4.2. The DNA replication checkpoint enforces cell cycle arrest
If Cdk1 remains active during activation of the DNA replication checkpoint, how then is cell cycle arrest enforced? One main mechanism of preventing cell cycle progression is the inhibition of firing of late origins of replication by Rad53 through phosphorylation of Sld3 and Dbf4 (Lopez-Mosqueda, Maas et al. 2010; Zegerman and Diffley 2010) (Fig. 9). Rad53-mediated Sld3 phosphorylation may prevent the interaction of Sld3 with Cdc45 and Dpb11, thus preventing origins from firing. However, the mechanism whereby Rad53-mediated Dbf4 phosphorylation prevents DDK from activating origins remains unknown (Lopez-Mosqueda, Maas et al. 2010; Zegerman and Diffley 2010). Rad53, in conjunction with Pds1, also prevents cell cycle progression by stabilizing Pds1 (Sanchez, Bachant et al. 1999; Agarwal, Tang et al. 2003). Pds1 is the yeast version of securin, an inhibitor of the separase Esp1. Esp1 is important for activating anaphase by cleaving cohesin, a protein complex that keeps sister chromatids together after DNA replication. Thus, stabilization of Pds1 by Rad53 and Chk1 helps prevent anaphase onset.
4.3. The DNA replication checkpoint stabilizes replication forks
A major function of the replication checkpoint is to stabilize replication forks. Stalled replication forks are at risk of collapse, which would result in partially unreplicated DNA and DNA double strand breaks, often leading to genome instability. Mec1 and Rad53 are the main players in stabilizing replication forks, while Chk1 appears to have a more redundant function (Segurado and Diffley 2008). The exact molecular mechanism remains unclear. Many substrates of Mec1 and Rad53 have been suggested (Segurado and Tercero 2009). A main target of Rad53 may be Exo1 (Segurado and Diffley 2008), although the exact molecular mechanism is not very clear. The targets of Mec1 and Chk1 in replication fork stabilization remain unknown. After the problems leading to DNA replication stress and activation of the checkpoint have been rectified, the replication forks need to restart. This process requires the activity of Rad53 and may also involve HR-dependent mechanisms (Petermann and Helleday 2010).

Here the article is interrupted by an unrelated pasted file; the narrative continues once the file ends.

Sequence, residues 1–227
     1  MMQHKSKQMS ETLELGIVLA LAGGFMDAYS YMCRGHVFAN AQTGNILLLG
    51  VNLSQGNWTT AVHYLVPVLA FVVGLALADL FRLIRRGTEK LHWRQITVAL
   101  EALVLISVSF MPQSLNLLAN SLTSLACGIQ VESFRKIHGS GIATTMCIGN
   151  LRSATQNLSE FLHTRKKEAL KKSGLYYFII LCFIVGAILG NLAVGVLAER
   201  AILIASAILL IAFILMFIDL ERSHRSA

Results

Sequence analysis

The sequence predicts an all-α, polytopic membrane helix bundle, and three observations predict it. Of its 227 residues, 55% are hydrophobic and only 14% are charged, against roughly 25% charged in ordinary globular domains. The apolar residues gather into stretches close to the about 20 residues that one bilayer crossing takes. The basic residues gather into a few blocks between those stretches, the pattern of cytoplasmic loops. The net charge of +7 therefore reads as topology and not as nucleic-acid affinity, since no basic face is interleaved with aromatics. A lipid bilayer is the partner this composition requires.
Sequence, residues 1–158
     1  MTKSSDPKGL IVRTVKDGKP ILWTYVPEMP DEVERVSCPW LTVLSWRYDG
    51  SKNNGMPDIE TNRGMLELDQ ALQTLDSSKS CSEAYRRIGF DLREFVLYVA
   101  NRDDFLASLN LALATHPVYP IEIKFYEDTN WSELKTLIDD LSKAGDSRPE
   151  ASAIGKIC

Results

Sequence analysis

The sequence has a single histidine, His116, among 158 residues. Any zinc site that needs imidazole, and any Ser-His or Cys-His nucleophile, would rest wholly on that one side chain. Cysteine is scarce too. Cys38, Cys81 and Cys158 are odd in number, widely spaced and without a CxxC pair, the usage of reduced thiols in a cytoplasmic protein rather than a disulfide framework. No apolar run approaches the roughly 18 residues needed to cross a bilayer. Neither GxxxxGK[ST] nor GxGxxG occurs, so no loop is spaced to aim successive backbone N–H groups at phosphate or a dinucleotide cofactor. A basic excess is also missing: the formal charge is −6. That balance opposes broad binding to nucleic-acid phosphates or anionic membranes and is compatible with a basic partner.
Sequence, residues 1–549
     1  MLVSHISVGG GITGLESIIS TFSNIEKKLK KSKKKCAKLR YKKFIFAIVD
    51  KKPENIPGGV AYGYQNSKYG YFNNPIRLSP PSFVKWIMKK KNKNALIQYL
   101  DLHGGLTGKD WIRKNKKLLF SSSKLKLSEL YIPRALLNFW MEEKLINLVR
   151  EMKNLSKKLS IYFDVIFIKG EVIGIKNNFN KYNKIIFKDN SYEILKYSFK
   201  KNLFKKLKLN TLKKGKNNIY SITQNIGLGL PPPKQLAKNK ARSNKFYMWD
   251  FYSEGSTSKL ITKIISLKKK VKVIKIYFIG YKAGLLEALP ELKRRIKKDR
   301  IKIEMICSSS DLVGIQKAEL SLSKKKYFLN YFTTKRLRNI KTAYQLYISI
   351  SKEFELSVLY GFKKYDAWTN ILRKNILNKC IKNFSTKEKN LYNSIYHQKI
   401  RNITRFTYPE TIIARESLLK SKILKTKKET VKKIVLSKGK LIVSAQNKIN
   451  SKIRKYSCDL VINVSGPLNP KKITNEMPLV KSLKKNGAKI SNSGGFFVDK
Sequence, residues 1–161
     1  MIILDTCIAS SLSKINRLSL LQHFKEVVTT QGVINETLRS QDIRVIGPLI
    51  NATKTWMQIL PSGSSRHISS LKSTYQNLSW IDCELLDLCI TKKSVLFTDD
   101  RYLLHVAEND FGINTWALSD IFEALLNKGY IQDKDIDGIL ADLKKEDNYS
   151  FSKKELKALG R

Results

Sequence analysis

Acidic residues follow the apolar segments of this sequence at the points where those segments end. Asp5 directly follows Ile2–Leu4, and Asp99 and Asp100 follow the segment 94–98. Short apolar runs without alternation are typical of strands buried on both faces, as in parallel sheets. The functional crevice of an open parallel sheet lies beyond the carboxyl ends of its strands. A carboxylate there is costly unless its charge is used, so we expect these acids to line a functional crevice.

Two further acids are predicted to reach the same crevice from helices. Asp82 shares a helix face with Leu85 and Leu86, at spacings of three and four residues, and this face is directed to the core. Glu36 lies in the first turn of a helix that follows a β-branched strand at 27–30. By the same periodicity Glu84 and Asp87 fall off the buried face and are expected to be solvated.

4.4. Other processes controlled by the DNA replication checkpoint
Although I will not go into great detail, it is worth mentioning that activation of the replication checkpoint has several other consequences. One important target of the checkpoint is Sml1, which is an inhibitor of ribonucleotide reductase, which synthesizes